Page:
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Justices adopt repayment plan in UPL case

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The Indiana Supreme Court has adopted a repayment plan for an Indianapolis company it found engaged in the unauthorized practice of law, ordering officials to reimburse the state bar association and former clients during the next six years.

An order came Jan. 20 in State ex rel. Indiana State Bar Association v. United Financial Systems Corp., et al., No. 94S00-0810-MS-551, the latest, and possibly final, court action in a case that has been ongoing for more than three years. The justices found nearly two years ago that United Financial Systems Corp. engaged in UPL through an estate planning “trust mill” by how it sold wills and estate planning services. The justices ordered past customers be refunded, but that didn’t happen and former Monroe Circuit Judge Viola Taliaferro was appointed to preside over the case.

She submitted a 61-page report to the justices in December that outlined the repayment plan. The report found the company still owed nearly $2.4 million and that the Office of the Indiana Attorney General should be allowed to disburse half of the refunds immediately and the other half when the money’s available over the course of several years.

In July 2011, she found the officials at United Financial Systems hadn’t complied with the Supreme Court’s order in April 2010 to repay past estate planning customers. But she held off on finding the company and its officials — Richard Follett, Jayne Follett, Richard Follett II and Beau Follett — in contempt in the December 2011 order. The Supreme Court agreed that the United Financial leaders wouldn’t be held in contempt if they complied with the repayment plan.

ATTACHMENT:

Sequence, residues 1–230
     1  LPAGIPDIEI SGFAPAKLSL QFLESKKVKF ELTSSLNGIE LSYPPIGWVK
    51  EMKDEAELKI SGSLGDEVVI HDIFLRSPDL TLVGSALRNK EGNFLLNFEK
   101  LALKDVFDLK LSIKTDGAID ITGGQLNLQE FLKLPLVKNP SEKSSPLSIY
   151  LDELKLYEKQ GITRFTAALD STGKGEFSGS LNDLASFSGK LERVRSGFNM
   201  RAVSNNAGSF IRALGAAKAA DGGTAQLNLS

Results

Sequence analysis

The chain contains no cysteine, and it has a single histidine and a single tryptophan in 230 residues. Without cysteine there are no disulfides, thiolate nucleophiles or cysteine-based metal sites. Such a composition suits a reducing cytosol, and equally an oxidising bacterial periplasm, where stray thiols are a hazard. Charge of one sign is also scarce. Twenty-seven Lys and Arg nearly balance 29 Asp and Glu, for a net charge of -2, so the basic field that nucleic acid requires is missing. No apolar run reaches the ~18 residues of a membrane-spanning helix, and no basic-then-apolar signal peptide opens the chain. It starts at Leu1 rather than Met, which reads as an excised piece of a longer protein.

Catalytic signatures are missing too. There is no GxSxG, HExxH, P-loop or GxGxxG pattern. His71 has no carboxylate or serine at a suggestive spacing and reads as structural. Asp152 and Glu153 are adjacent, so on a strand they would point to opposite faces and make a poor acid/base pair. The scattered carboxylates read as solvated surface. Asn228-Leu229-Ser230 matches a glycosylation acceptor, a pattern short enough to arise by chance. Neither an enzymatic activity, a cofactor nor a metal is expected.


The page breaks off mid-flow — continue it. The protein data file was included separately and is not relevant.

Finding that the Folletts asserted “frivolous, unreasonable and groundless arguments in an effort to delay issuing refunds,” Taliaferro decided that the ISBA is entitled to recover its attorney fees and costs incurred in enforcing the Supreme Court’s original April 2010 order.

In Taliaferro’s December 2011 order, she determined the Folletts owe $2,391,808.17. The ISBA is still owed $115,000 as of Dec. 14. The justices on Jan. 13 ordered United Financial pay the Indiana Supreme Court $16,002.95 for the costs of the proceeding against it. Specifically, the order calculated the costs to entail $14,978.45 for the commissioner fees and expenses and $1,024.50 for court reporter and related court costs.

Some payments have already begun under the payment plan’s terms, and United Financial must now pay the ISBA $5,000 per month through November 2013. The order also details specific payments that must be made through 2018 when the final payments are supposed to be made to the Office of the Indiana Attorney General. If Richard and Jayne Follett sell their former Boone County home that’s listed for sale, the net proceeds are to be made as part of the payments toward the remaining refund amount.

 

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  1. Don't we have bigger issues to concern ourselves with?

  2. Anyone who takes the time to study disciplinary and bar admission cases in Indiana ... much of which is, as a matter of course and by intent, off the record, would have a very difficult time drawing lines that did not take into account things which are not supposed to matter, such as affiliations, associations, associates and the like. Justice Hoosier style is a far departure than what issues in most other parts of North America. (More like Central America, in fact.) See, e.g., http://www.theindianalawyer.com/indiana-attorney-illegally-practicing-in-florida-suspended-for-18-months/PARAMS/article/42200 When while the Indiana court system end the cruel practice of killing prophets of due process and those advocating for blind justice?

  3. Wouldn't this call for an investigation of Government corruption? Chief Justice Loretta Rush, wrote that the case warranted the high court’s review because the method the Indiana Court of Appeals used to reach its decision was “a significant departure from the law.” Specifically, David wrote that the appellate panel ruled after reweighing of the evidence, which is NOT permissible at the appellate level. **But yet, they look the other way while an innocent child was taken by a loving mother who did nothing wrong"

  4. Different rules for different folks....

  5. I would strongly suggest anyone seeking mediation check the experience of the mediator. There are retired judges who decide to become mediators. Their training and experience is in making rulings which is not the point of mediation.

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